She knows what techniques she’ll teach for each workshop, but lets her surroundings inspire her work. During one trip to Africa, for example, she and a friend drove along the northeast coast, and each day she’d collect a handful of items, such as sticks, coral and stones. Since she always travels with a little bag of tools and supplies — usually scissors, wire cutters, needles, crochet hooks, wax linen — in the evenings she’d take the day’s found items and put them together.
“I ended up taking them home and putting them all together in a larger piece, and that became this workshop that I’ve started to offer, Collect and Connect,” Abrams said.
For Collect and Connect, people bring their own found items to the workshop and learn how to put it all together using six or seven basic basket techniques.
Most materials are fair game for Abrams these days. For many years she used heavy-duty, 100-percent cotton paper and acrylic paint to weave into baskets. This is still primarily what she teaches, though she doesn’t use it in her own work.
Some materials come to her serendipitously — a stone found in the woods or strips of recycled silk blouses from a friend — and other times she has a specific texture or color in mind. Her favorite material depends on the day. It could be her collection of naturally hued sands taken from across the globe or dry-cleaner bags.
One of her more unique materials stems from a trip to Ghana where she used black plastic bags for a coiling technique. During one of several trips to the country, she became frustrated by the lack of a trash pickup system that resulted in plastic shopping bags littering the ground. She decided to teach local women to collect and wash the bags, cut them to make yarn and crochet them into functional pieces.
“And the idea is they’re not dependent on me, so I leave and they can still earn some money from doing bags,” she said. “I came home and thought, ‘Oh, we have bags here too.’ So I’ve used plastic bags for my own work.”
Her uncommon materials and abstract concepts are aspects that intrigued Jim Giddings, co-owner of Mitchell • Giddings Fine Arts in Brattleboro, where Abrams has a solo exhibit now.
“We try to choose work for any medium really that stands out and surprises us,” Giddings said. “Her sense of form and use of materials … people love it. They are in awe of the shapes she creates and the look she achieves.”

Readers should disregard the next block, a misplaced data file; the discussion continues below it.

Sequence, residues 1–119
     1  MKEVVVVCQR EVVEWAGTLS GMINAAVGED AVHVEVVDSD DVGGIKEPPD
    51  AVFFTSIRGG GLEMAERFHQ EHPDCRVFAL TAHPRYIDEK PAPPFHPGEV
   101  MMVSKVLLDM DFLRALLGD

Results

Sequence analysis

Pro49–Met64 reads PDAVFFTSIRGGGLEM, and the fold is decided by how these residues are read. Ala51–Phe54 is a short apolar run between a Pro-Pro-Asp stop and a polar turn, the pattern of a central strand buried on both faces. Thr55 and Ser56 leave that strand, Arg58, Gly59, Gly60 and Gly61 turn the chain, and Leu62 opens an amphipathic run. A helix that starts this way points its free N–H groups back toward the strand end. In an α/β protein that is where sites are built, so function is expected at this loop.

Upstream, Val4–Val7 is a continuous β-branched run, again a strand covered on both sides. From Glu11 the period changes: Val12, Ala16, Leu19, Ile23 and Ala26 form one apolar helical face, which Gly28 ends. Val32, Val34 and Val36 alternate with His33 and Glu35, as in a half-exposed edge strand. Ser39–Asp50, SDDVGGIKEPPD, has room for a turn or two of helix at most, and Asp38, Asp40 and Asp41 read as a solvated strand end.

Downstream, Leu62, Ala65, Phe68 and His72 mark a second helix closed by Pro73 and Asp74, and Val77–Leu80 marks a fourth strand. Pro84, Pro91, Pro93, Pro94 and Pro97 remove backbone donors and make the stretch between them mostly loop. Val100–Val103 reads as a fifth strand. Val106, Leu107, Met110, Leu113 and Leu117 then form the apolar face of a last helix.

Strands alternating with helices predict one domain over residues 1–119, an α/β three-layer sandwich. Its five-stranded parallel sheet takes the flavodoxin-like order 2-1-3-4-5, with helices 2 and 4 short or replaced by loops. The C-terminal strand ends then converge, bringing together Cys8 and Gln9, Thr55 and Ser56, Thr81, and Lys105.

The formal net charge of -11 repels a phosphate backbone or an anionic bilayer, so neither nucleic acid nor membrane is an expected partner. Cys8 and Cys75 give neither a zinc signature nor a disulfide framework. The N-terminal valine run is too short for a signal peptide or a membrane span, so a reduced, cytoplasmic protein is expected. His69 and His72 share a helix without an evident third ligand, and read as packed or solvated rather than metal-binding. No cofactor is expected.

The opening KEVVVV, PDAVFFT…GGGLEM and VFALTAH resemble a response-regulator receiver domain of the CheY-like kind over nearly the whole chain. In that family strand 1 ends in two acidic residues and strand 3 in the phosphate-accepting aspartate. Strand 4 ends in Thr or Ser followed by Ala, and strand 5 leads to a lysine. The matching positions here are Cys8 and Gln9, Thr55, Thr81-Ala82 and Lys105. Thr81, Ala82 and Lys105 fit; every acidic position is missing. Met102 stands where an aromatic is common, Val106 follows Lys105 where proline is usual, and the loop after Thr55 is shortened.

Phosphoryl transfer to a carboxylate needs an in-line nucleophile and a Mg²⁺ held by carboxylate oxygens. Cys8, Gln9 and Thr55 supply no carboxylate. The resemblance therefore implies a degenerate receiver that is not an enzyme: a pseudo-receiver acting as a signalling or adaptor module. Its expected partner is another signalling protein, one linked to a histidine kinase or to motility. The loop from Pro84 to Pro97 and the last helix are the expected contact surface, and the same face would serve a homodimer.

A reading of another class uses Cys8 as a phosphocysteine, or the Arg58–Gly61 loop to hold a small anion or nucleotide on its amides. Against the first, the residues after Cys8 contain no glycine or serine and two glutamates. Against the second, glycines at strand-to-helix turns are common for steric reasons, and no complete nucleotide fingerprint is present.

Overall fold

Two vessels in the exhibit that stand out to him the most are “Dreaming of Uluru” and “Shelter.”
“Both are remarkable for the surface appearance, but also the craftsmanship and what she does with the material,” he said.
The exhibit is open through Sunday.
Over the past decades, Abrams has made thousands of baskets influenced by her surroundings. She recalled one of her most dramatic pieces that came from a month-long trip to Namibia to visit her oldest daughter, Dani, who was in the Peace Corps.
One day, Abrams’ daughter took her to make baskets with a group of Himba women. One woman in particular spent a lot of time with her, inviting Abrams into her hut. When she returned to the U.S., Abrams took sand she collected from the Kalahari Desert and heavy metal beads she purchased from the Himba people and created a form in the image of the Himba woman named Tange.
“When I came home I made this woman out of my materials ... and I covered her with sand from the Kalahari and put these beads on her,” she said. “Of all the pieces I’ve ever made, perhaps that was my favorite.”
Though it was a favorite, Abrams sold that piece. She said she’s kept one piece of each series over the years, but not necessarily because it’s a favorite.
“I get toward the end of a series and know I’m not going to be making any anymore so I select one from what’s left,” she said. “If I kept all of them there wouldn’t be room for me to move in the house.”
She’s given baskets to friends over the years too — you can tell how long she’s known people by how many baskets are in their house — and doesn’t have trouble parting with her work because it’s not only her craft, it’s her livelihood.
Apart from her upcoming workshops at Snow Farm in Massachusetts and Southwest School of Art in Texas, Abrams is working on two projects. The first is introducing light to some of her suspended pieces. She wants to create shadows among the negative space cast from the interior. She’s also playing around with her collection of stones and ways to attach them.
“The collection is growing and sitting on my tabletop, and we’ll see where it goes.”